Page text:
It is probably safe to say the most popular gemstone in not only antique estate jewelry, but also modern jewelry is the diamond. Thought to have origins in India, its extraction, exportation and use over the years reflects much of the advances in Western technology, shifts of economy and change of lifestyles. Originally prized for purported magical qualities, today it is valued for its simple yet fascinating ability to reflect and refract light.
Antique estate diamond rings are highly collectible and highly sought after by modern brides and grooms. Most vintage jewelry currently found in stores was created during the mid-1800s to the early-1900s. Their delicate designs and sheer uniqueness make antique diamond jewelry stunning accessories for celebrating the most special of occasions. Their individuality is the reflection of not only the hand craftsmanship of skilled artisans but also of the time, thought and patience required to create a quality piece jewelry. In a world of mass production, this is part of what makes antique jewelry so coveted and admired.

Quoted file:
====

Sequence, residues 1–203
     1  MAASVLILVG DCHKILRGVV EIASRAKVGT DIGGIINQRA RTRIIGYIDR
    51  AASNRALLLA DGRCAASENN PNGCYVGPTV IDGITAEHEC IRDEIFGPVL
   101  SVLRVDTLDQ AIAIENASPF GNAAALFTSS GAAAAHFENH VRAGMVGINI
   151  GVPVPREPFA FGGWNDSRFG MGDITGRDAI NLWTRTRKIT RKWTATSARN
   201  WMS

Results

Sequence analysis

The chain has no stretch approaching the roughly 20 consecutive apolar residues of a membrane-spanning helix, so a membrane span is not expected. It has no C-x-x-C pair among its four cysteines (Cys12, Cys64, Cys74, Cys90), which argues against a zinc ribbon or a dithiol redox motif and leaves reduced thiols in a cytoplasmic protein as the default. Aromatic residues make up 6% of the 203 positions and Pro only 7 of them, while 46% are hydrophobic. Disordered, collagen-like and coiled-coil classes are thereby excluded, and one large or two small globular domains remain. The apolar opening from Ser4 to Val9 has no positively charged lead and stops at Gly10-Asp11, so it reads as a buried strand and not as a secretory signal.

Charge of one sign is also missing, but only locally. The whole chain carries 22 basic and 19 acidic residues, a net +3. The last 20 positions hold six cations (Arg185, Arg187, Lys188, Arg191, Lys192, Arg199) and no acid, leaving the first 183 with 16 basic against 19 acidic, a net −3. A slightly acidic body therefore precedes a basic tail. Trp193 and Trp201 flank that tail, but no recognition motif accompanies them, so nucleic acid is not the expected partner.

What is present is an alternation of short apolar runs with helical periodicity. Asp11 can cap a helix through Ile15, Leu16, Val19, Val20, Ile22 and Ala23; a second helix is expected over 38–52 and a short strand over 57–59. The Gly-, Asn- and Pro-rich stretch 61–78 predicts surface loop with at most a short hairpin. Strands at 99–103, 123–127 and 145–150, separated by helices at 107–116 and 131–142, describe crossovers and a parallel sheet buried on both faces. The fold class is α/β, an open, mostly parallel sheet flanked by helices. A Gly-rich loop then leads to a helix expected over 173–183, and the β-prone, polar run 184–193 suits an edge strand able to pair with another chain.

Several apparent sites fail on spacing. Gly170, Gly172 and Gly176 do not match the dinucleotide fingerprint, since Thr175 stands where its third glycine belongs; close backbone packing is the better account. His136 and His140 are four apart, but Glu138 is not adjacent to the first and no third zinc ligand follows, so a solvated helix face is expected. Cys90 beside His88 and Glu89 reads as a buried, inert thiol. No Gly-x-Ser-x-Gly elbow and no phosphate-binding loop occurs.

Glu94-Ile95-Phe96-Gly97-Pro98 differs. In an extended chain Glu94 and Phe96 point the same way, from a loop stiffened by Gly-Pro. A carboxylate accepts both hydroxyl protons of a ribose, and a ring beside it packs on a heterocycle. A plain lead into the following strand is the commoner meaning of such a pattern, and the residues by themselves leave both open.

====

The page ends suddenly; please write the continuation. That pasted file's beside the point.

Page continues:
There are a few different types of antique diamond cuts. The Rose cut, developed in the 1500’s, is one of the older cutting styles with a simple flat bottom and faceted domed top that is often compared to the bud of a rose (hence the name). The old Mine cut, which began to reflect a more sophisticated style of cutting, gained popularity in the 1800’s and is known for its high crown, off-round shape and chunky facets. Similarly, the Cushion cut had made its appearance by this time and offered a different shape to the mix. Then, by the late 1800’s, the old European brought a more refined brilliance as well as a more uniformly round girdle with improved symmetry. Because these diamonds were cut by hand by individual artisans rather than the lasers and machines of today, no two diamonds are alike in finished shape, which is seen as a big asset for fans of vintage jewelry.
Though many people may not be aware, the modern diamonds we see in the market today have roots in the old cuts of centuries ago. The old Mine and old European cuts were precursors to the Modern Brilliant cut just as the antique Cushion is an earlier ancestor to the modern Cushion cut. Another style, the Asscher cut, predates the modern Emerald cut, with its dramatically terraced facets. These different characteristics paired with a romantic history are what make these diamonds special and so sought after today.